For anyone that has ever had a pet animal, whether it be a cat, dog, snake, goat or otherwise knows that each one has its own unique personality. The same is true for barn animals- they are curious of strangers and mostly friendly.*
Farm animals and livestock are such an integral part to the farm life. It’s just as important, and fun, to document them as it is to photograph rural landscapes- although you do need a completely different set of skills to do so.
*Note: All of the cattle photographed here have been raised on small, subsistence farms where there is a lot more human to animal interaction. I do not have experience with a larger model and therefore cannot speak to how their cows act.
6 Tips for Photographing Cow Personalities
Never, ever, enter a barnyard or farm with animals without talking with the owners. Farm animals are part of a business, a business with strict protocols about safety, sanitation and disease control. They need to make sure that you are in compliance before you can be given permission to enter. Don’t be surprised if you don’t get permission the first time you ask- try asking to schedule something out into the future.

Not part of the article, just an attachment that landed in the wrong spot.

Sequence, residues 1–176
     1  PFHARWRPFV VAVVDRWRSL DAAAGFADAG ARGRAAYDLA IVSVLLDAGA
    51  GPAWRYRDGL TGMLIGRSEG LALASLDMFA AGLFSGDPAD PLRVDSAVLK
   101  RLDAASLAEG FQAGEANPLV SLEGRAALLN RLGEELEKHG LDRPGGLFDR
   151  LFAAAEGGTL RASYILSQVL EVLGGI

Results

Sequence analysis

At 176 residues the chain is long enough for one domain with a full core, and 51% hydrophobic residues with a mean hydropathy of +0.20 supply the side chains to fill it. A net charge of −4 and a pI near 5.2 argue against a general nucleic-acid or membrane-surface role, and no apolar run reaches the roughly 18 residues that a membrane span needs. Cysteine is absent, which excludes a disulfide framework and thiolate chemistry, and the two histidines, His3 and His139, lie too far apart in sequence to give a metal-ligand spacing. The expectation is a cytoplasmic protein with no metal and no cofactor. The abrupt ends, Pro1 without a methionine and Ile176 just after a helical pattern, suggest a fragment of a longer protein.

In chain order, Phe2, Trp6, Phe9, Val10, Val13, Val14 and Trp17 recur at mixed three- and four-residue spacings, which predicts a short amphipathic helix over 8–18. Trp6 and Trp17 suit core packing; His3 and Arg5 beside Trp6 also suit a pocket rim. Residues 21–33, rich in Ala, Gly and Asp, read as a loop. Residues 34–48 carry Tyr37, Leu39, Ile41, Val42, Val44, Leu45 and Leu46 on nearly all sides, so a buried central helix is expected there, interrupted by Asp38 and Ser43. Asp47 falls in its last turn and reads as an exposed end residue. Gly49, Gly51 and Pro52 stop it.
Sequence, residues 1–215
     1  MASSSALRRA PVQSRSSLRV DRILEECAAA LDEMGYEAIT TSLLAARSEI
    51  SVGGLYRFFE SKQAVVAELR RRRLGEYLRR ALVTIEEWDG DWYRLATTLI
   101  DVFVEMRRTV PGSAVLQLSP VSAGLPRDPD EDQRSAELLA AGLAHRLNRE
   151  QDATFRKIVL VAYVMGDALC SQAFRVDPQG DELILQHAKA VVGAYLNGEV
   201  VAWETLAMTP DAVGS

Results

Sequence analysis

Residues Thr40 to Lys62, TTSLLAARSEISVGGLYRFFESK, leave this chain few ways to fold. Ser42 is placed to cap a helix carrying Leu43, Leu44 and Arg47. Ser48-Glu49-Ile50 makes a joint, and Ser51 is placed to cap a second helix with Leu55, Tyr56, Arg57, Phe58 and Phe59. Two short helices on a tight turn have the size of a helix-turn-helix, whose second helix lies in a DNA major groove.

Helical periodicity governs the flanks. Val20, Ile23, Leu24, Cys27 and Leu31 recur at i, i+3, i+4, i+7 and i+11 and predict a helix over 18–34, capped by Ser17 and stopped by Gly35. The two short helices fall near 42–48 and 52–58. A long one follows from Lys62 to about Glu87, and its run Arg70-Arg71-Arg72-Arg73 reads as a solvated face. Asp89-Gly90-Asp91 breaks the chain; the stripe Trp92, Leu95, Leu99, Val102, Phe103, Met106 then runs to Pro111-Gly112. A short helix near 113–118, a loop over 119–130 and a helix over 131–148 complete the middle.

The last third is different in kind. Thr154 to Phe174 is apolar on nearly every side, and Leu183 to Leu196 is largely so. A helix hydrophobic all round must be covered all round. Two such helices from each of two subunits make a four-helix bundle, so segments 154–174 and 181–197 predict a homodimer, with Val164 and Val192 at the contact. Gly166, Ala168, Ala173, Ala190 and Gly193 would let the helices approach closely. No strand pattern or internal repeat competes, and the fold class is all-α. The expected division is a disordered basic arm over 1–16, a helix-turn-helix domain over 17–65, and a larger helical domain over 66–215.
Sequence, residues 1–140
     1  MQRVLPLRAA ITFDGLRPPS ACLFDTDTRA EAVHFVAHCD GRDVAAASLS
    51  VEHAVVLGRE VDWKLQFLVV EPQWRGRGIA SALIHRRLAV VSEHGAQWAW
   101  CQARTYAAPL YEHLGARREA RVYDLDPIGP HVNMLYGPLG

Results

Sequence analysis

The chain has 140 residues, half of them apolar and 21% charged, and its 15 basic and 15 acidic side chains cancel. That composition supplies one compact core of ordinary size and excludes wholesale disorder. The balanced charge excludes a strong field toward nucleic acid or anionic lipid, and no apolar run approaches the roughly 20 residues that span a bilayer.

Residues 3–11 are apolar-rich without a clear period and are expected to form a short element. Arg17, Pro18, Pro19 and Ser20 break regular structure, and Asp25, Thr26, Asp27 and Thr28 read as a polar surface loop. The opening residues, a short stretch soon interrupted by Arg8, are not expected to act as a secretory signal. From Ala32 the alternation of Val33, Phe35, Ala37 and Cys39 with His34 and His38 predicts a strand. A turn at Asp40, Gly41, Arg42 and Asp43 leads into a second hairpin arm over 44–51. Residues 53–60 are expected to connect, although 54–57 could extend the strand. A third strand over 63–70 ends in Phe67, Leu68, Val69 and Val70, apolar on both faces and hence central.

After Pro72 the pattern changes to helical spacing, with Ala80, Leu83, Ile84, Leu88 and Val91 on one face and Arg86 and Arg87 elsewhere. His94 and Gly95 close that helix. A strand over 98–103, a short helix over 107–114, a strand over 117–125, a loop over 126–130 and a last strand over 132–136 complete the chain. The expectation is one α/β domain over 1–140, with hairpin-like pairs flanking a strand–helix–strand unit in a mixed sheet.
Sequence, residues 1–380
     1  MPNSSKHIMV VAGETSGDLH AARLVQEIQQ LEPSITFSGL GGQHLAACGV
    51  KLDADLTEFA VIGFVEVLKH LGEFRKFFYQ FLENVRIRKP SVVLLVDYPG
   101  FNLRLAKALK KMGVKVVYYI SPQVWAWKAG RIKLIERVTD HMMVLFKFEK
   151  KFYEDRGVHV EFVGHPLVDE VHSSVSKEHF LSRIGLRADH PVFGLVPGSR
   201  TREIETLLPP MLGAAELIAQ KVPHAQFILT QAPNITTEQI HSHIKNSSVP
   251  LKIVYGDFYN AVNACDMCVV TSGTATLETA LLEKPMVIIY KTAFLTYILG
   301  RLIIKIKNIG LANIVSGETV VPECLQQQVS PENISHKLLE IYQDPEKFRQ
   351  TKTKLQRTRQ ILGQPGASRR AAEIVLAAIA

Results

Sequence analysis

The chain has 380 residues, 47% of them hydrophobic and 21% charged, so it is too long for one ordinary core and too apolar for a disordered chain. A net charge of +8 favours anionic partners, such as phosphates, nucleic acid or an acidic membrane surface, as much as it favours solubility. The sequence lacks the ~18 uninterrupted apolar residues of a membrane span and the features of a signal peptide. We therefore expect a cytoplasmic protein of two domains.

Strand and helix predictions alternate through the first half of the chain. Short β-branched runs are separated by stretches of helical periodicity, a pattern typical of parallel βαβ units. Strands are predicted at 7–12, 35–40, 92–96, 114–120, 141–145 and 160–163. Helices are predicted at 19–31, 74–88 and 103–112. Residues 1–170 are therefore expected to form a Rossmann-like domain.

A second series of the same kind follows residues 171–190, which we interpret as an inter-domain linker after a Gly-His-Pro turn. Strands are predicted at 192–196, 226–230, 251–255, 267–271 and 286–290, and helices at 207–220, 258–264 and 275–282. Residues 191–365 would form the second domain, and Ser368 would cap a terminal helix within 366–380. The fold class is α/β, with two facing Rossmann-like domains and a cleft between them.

2. Move Gently. Have Patience.
If you alarm them, they won’t get near. If you can sit patiently and wait for the cows to get curious then you will have it made. The closer they get, the more detail you will be able to capture. The highland calf above walked right up to me after a while of sitting, curious about my camera, I think.
3. Be Quiet.
No loud noises that could startle them- especially if you are out in a pasture. You don’t want them to run away from you, and you definitely don’t want them to run at you!
4. Make Eye Contact.
Like with humans, eyes are the “windows into the soul”. If you can capture the cow while it’s looking straight at you and the camera then you will instantly get a sense of their personality.
5. Plan for anything.
Know what you’re going to shoot and bring the equipment that is appropriate for the shoot. You may want some a longer zoom lens to try and get ‘up close’ to the animals without having to actually get too close. Wear appropriate clothing. You will be on a farm- it’s messy. Wear jeans and mud boots. Expect to get dirty.
6. Photographer and Animal Safety.
Keep safety in mind 100% of the time. Safety for you and for the animals. Know what your escape route is, if you’re inside the fences and follow the farm’s safety procedures exactly. Do not try and touch the animals or get too close unless the owners have given you prior approval.
Extra Note: If you don’t have access to farm animals, try going to a petting zoo or the animal barns at a state or county fair. You will need to still be incredibly respectful of the animal and it’s owner, but they are more accessible in these locations. Just expect that you’ll probably pick up a lot of ‘background’.
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